Bells from sunk warships go on display 80 years after tragedy

HMS Prince of Wales and HMS Repulse were both attacked and sunk by Japanese aircraft on December 10, 1941.

Ben Mitchell
Wednesday 08 December 2021 12:59
Victoria Ingles, senior curator at the National Museum of the Royal Navy, looks at the ship’s bell from HMS Prince of Wales which was sunk in the Second World War (Andrew Matthews/PA)
Victoria Ingles, senior curator at the National Museum of the Royal Navy, looks at the ship’s bell from HMS Prince of Wales which was sunk in the Second World War (Andrew Matthews/PA)

Bells retrieved from two Royal Navy warships sunk during the Second World War have gone on display to mark the 80th anniversary of the death of the 842 sailors on board.

HMS Prince of Wales and HMS Repulse were both attacked and sunk by aircraft of the Imperial Japanese Navy on December 10, 1941, just days after Pearl Harbour.

The sinking of the two ships is considered one of the Navy’s worst disasters, with 330 crew lost from HMS Prince of Wales and 512 lost from HMS Repulse.

The bells were retrieved from the wrecks in 2002 (Andrew Matthews/PA)

The bells from the two ships have now gone on display at the National Museum of the Royal Navy (NMRN) in Portsmouth Historic Dockyard, which is close to the jetty at Portsmouth Naval Base which is home to the aircraft carrier which inherited the name HMS Prince of Wales.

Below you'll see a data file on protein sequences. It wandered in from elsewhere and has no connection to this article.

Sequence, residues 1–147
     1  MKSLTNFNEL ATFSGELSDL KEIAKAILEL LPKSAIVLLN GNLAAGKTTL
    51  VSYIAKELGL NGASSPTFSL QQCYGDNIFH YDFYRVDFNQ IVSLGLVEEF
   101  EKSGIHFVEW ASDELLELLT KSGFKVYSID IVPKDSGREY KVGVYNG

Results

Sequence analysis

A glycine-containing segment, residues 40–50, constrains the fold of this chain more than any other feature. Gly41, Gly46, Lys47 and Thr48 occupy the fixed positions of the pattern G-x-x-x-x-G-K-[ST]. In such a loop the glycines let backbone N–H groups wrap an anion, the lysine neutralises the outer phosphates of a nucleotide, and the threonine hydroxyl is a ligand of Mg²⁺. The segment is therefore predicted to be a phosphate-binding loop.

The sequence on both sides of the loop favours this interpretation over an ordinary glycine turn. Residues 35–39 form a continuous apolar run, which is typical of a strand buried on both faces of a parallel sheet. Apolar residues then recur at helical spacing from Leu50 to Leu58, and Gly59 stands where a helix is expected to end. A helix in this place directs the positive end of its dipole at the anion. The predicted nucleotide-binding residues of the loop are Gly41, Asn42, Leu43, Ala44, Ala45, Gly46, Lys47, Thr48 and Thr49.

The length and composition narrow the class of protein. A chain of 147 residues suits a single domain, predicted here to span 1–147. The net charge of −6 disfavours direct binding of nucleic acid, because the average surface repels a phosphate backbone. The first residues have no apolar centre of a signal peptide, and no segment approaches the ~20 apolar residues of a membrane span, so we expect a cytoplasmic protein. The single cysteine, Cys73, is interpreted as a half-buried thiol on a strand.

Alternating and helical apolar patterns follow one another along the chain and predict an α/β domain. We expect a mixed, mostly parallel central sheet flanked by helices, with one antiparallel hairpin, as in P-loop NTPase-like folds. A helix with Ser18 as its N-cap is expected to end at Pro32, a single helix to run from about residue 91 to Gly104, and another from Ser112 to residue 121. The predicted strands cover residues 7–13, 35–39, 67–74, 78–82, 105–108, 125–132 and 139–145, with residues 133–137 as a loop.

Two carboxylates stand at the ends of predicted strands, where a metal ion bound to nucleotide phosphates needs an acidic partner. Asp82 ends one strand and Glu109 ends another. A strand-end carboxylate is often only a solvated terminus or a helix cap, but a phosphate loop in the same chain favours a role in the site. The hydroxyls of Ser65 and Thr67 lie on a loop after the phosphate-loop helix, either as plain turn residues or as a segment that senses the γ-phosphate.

A museum spokeswoman said: “This was the first time that battleships at sea had been sunk solely by air attack and marked the end of the battleship as the pre-eminent ship type, replaced by the aircraft carrier.

“The ships had led the British naval squadron Force Z tasked with deterring Japanese expansion.

“Their sinking left the geographically important city Singapore weakened and contributed to its surrender on February 15 1942, a humiliating defeat for the allied forces.”

Prime minister Sir Winston Churchill recalled in his post-war memoirs: “In all the war, I never received a more direct shock.

Both warships were sunk by Japanese aircraft on December 10, 1941 (Andrew Matthews/PA)

“As I turned over and twisted in bed the full horror of the news sank in upon me.

“There were no British or American ships in the Indian Ocean or the Pacific except the American survivors of Pearl Harbour, who were hastening back to California. Across this vast expanse of waters, Japan was supreme, and we everywhere were weak and naked.”

Victoria Ingles, NMRN senior curator, said: “We hope our visitors take a moment to reflect on the enormity of the loss.

“Ship’s bells are held in great affection by the crew and it was so important that both were retrieved, with permission, from the wreck sites in 2002. Their display is a fitting tribute to the many lives lost.”

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